I am sooo not grading any more essays tonight. Truth be told, I knocked off a long time ago; they're just gonna have to wait until next week because I'm not going to kill myself getting through them by Thursday.
I'm not a complete reprobate though; I've been picking away at my summer syllabus, so I'm doing work. ... It's just not the teaching work that is currently under deadline right now. And it's the fun part I could spend hours and hours on. I'm basically eating my dessert instead of my vegetables. Speaking of, the flavor in the bowl at my side right now is French Vanilla. Hmph. Needs some chocolate with it.
But anyway, the theory is that if I work on teaching prep (even though it's for the next class), then I'm not completely slacking off ---- I'm following the rules in Boice's guide for new profs, right? The trouble with this theory is that it contradicts with the previous plan: re-use the syllabus I made up when last I taught it and therefore not have any prep. Or have as little prep as possible. Well, I am sorta following the plan, honest! Because I have taught this course before (think: hello! Welcome to your major!), I know which stuff taught well and which caused various problems. And which stories or poems I just decided I don't really like. And which ones I don't really have anything to say except "hey, I like this." (To use the pedagogical lingo, I don't "have an entry point" into some of these texts and my students didn't have anything to say either, so we sat there and stared at each other. No fun.)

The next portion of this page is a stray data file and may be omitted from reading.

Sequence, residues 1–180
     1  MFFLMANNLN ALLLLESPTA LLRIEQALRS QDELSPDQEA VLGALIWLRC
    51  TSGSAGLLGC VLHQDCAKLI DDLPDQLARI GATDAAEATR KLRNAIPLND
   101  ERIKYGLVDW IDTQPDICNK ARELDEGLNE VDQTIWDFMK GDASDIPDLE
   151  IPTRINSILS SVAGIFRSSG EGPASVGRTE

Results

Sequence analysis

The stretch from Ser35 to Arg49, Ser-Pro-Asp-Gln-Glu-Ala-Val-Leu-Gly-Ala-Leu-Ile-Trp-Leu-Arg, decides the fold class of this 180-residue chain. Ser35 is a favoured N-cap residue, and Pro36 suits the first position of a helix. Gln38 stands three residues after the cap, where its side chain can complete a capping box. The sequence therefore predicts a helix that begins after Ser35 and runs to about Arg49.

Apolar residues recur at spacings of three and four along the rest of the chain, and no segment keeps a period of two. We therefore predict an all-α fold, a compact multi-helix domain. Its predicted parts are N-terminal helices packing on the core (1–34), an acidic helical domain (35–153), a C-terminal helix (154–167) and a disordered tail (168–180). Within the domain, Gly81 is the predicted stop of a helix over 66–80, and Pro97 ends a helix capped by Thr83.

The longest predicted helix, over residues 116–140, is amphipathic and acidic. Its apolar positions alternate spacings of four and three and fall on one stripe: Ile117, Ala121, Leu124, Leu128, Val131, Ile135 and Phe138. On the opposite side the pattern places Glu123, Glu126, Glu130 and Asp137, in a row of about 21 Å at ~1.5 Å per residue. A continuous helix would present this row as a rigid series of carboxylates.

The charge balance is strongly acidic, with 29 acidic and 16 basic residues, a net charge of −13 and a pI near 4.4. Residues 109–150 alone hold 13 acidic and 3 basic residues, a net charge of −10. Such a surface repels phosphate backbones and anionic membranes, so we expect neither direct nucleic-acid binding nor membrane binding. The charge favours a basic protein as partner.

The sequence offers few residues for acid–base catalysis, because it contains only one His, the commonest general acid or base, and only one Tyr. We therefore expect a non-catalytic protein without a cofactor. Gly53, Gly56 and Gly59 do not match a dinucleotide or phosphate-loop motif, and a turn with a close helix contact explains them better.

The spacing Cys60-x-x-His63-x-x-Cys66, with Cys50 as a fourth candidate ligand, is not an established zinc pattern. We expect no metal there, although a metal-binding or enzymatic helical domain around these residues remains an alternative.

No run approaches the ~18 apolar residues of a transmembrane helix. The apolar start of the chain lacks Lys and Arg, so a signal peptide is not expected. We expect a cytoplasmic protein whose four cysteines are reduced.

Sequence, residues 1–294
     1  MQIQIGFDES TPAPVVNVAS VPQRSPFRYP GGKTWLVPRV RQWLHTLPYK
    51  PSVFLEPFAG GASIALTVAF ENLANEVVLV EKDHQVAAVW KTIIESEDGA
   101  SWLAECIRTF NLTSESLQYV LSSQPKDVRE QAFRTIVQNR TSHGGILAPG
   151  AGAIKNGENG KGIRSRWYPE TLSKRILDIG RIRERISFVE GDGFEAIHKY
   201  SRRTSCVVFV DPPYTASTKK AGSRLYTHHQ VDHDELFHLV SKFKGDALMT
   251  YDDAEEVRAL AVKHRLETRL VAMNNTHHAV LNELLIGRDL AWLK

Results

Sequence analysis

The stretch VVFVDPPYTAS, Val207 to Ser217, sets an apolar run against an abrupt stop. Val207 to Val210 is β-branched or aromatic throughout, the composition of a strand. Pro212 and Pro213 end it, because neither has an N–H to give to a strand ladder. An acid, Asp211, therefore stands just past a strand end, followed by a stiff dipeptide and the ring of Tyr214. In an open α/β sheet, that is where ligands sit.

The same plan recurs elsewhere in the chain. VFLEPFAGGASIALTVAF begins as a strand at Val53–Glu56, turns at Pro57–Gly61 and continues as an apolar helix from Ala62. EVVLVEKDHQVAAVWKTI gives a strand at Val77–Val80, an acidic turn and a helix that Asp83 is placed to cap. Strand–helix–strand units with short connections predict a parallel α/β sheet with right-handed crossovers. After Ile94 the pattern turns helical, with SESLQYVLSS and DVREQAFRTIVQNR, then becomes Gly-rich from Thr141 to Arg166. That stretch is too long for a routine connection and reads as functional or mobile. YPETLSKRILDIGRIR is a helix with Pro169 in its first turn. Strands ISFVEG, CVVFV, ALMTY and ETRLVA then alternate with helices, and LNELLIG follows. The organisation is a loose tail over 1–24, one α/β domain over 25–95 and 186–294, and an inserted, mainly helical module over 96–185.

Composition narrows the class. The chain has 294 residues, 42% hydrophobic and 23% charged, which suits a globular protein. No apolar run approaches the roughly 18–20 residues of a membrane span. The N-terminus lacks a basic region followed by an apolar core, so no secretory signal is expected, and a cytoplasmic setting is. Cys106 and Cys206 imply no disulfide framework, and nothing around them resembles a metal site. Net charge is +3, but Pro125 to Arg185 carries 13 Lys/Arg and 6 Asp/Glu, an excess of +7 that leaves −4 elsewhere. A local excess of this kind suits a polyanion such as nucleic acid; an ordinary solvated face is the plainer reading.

So my format and many of the larger works are set already, as are the breakdown of assignments (not the prompts, unless I recycle them). I'm just trying to pull out a few of the shorter things and replace them. However, this is the part I can tinker with for hours, just moving texts around, getting one book after another from my shelves, looking up various texts and authors and whatnot in Amazon or the library for availability ---- fun fun. I could dither around on this crap for days and never go back to my actual dissertation or grading work. (ahh, I love the shiny new potential of the future class ---- it always seems so close to perfection and joy, unlike the messy and compromised ordinariness of whatever is my present class, which never lives up to perfection or plans.)
I have a post or three percolating away about how, oddly enough, my intro class is very traditional: no theory or even criticism. We spend all our time learning explication and formal analysis. I have reasons for this (which will be explained in these future posts) but mainly I've noticed that getting our school's students to move beyond summarizing things and to actually quote the text and then talk about what they quoted takes an entire quarter in my other classes, so I feel they need more ass-kicking at the intro level than they're getting.
Compared to the way Brilliant Ex-BF teaches, my class looks mired in the fifties. He taught his class as if he were still at the tiny elite liberal arts college he graduated from. But you're not, I remember myself thinking. Your students are not the children of lawyers and old-monied professionals and they went to crappy public CA high schools not the whole "prep school" thing back east, and two thirds of my students weren't majors anyway, since there's a loophole that lets students in the social sciences take this course to replace a writing class. Hence my questions a while back about teaching to the top or the middle of the class --- raising the bar or and asking them to reach or pushing them up over it from below.